between mesial contact points and presence of caries in presence of caries in adjacent mesial teeth was found
mesial adjacent teeth. P-value of less than 0.05 was (p < 0.001). The association of faulty contact points with
considered statistically significant at 95% confidence presence of caries in distal adjacent teeth was also
interval. significant (p < 0.001) (Table I).
Caries beneath margins of crowns were seen in 1 (1%)
RESULTS on mesial surfaces and 13 (13.5%) on distal surfaces.
There were 50 (52.1%) male patients and 46 (47.9%) Contact points were lost on mesial surfaces due to
female patients. Mandibular first molars with crowns caries in 9 (10%) of cases and on distal surfaces in
were 33.3% and maxillary first molars with crowns were 5 (7.2%) of cases.

Journal of the College of Physicians and Surgeons Pakistan 2011, Vol. 21 (3): 134-137 135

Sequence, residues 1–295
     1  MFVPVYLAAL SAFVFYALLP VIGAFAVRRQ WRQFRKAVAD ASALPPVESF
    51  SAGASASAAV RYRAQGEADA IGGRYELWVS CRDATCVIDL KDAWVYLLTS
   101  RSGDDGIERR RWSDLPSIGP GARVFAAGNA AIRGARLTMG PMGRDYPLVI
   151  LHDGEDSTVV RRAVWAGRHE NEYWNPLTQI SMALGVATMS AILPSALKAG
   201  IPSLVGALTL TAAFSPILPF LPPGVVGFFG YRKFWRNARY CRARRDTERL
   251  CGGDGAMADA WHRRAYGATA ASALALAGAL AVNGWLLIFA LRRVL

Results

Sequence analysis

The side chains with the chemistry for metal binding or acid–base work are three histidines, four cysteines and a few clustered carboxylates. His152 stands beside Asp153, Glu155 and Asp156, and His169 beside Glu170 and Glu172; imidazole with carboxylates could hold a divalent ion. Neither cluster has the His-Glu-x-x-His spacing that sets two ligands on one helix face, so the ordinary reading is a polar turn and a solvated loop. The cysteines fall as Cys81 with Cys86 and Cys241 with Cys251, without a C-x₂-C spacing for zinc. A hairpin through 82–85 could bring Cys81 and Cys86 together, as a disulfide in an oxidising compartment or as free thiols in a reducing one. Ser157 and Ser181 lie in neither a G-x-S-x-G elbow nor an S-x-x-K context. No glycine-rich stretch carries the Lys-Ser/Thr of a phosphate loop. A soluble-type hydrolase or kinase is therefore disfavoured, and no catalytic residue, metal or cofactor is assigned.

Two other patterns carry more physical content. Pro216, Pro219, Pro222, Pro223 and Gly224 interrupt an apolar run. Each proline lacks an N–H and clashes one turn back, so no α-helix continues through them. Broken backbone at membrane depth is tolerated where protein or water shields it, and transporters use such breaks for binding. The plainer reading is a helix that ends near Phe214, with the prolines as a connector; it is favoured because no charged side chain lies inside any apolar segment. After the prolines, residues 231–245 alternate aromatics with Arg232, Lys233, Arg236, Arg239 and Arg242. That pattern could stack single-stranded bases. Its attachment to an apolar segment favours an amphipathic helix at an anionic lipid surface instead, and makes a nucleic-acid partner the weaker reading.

Durr-e-Sadaf and Muhammad Zubair Ahmad

Table I: Association of status of margins and contact points of PFM crowns with the condition of adjacent natural teeth. (Fisher's exact test is
used at 95% Confidence Interval, α = 5%).
Crown margins Mesial Distal Contact points Mesial Distal
Intact margins 65 (67.7%) 56 (58.3%) Acceptable contact points 51 (56.7%) 24 (34.8%)
Overhang margins 17 (17.7%) 10 (10.4%) Tight contact points 14 (15.6%) 20 (29%)
Space beneath margins 13 (13.5%) 17 (17.7%) Loose/ Open contact points 16 (17.8%) 20 (29%)
Caries beneath margins 1 (1%) 13 (13.5%) Lost contact points 9 (10%) 5 (7.2%)
Missing 6 (6.25%) 27 (28.12%)
Status of adjacent natural teeth Status of adjacent natural teeth
Healthy 62 (68.9%) 34 (49.3%) Healthy 62 (68.9%) 34 (49.3%)
Restored 10 (11.1%) 12 (17.4%) Restored 10 (11.1%) 12 (17.4%)